Your pet might be bringing more germs into your house than you think.
People and their pets may be able to transmit drug-resistant “superbugs” to each other, new research suggests.
The research — which will be presented at this year’s European Congress of Clinical Microbiology & Infectious Diseases (ECCMID) in Copenhagen, Denmark on April 15 — noted that cross-transmission cases are rare and it’s still unclear if pets are giving germs to people or the other way around.
“Our findings verify that the sharing of multidrug-resistant organisms between companion animals and their owners is possible,” lead researcher Dr. Carolin Hackmann said in a release. “However, we identified only a handful cases suggesting that neither cat nor dog ownership is an important risk factor for multidrug-resistant organism colonization in hospital patients.”
Researchers looked at over 2,800 hospital patients and their furry friends to examine whether pets could be responsible for patients infected with multidrug-resistant organisms (MDROs).
Between June 2019 and September 2022, experts used nasal and rectal swabs from 2,891 patients hospitalized at the Charité University Hospital Berlin — 1,184 patients with previous colonization and 1,707 newly admitted patients as the control group — as well as swabs from dogs and cats that lived in patients’ homes.
They focused on looking for the most common superbugs that are resistant to multiple antibiotics, such as methicillin-resistant Staphylococcus aureus (MRSA), vancomycin-resistant enterococci (VRE), 3rd generation cephalosporin-resistant Enterobacterales (3GCRE) and carbapenem-resistant Enterobacterales (CRE).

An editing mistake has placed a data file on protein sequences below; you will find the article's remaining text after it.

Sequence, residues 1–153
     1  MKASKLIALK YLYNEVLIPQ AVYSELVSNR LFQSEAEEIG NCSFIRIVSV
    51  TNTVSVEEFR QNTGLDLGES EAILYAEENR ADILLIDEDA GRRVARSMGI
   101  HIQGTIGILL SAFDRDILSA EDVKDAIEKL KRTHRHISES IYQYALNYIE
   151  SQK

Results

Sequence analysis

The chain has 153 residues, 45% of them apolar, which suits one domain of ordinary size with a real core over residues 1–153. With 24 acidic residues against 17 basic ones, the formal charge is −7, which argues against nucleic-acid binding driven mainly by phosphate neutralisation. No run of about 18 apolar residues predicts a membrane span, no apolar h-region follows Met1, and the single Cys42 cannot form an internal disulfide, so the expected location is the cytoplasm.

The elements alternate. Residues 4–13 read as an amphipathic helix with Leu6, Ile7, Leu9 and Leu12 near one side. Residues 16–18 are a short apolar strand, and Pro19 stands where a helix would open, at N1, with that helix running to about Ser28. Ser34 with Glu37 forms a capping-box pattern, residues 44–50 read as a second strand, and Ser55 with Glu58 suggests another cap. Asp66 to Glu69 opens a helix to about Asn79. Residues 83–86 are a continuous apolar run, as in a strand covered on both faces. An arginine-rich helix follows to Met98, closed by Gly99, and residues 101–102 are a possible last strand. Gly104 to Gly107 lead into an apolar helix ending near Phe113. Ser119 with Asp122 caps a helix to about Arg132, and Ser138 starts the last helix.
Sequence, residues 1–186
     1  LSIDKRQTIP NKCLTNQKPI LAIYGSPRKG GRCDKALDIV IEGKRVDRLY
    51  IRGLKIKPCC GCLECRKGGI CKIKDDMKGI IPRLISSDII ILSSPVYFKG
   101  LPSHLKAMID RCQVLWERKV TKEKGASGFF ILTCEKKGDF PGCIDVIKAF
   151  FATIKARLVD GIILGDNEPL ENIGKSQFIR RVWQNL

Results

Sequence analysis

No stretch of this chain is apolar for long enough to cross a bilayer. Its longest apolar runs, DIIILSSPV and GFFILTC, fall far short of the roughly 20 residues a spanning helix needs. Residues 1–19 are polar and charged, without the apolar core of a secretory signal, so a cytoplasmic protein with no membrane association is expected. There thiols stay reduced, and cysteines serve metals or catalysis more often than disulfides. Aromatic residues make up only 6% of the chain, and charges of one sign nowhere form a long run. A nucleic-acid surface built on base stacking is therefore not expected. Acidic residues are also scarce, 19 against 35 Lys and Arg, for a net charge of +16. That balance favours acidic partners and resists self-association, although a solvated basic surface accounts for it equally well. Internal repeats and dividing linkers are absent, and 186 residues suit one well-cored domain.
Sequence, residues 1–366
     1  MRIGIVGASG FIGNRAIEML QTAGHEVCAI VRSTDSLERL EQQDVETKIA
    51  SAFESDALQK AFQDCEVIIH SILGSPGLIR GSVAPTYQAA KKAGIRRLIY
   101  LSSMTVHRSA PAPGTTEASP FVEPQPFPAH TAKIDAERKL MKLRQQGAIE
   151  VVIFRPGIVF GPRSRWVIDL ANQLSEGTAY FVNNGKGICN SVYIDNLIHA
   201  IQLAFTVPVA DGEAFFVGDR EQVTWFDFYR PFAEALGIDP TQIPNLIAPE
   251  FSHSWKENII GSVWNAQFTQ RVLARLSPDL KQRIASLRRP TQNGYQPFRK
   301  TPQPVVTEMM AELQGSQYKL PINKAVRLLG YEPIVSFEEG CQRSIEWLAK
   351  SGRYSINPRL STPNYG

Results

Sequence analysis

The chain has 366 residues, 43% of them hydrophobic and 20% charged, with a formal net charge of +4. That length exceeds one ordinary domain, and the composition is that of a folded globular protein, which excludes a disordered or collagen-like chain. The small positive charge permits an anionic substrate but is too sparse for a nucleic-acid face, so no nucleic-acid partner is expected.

Patients were asked about their well-known risk factors for MDROs, as well as information about the pets in their home, such as the number of pets, the closeness of contact and pets’ health.
Scientists used genetic sequencing to identify the species of bacteria in the swab samples and the presence of drug-resistance genes. They used whole genome sequencing to confirm the potential sharing of drug-resistant germs.
Of the participants, 30% tested positive for MDROs and 70% tested negative. Of those who tested positive, 11% were dog owners and 9% were cat owners. Thirteen percent of negative patients were cat or dog owners.
Over 600 pet owners were asked to send their pets’ throat and stool swab samples, and 300 pet owners sent back samples from 400 pets. The samples showed that 15% of dogs and 5% of cats tested positive for at least one MDRO. In four cases, the pet MDROs were the same species and showed the same resistance as their owners.
The study showed that only one of the matching MDRO pairs — 3GCR Escherichia coli, which is commonly found in the intestines of both healthy people and animals — was genetically identical between a dog and its owner.
Antimicrobial resistance occurs when microbes that cause infection become resistant to the drug that kills them off. Resistant infections were the cause behind almost 1.3 million deaths and nearly 5 million in 2019, according to .
“Although the level of sharing between hospital patients and their pets in our study is very low, carriers can shed bacteria into their environment for months, and they can be a source of infection for other more vulnerable people in hospital such as those with a weak immune system and the very young or old,” Hackmann said.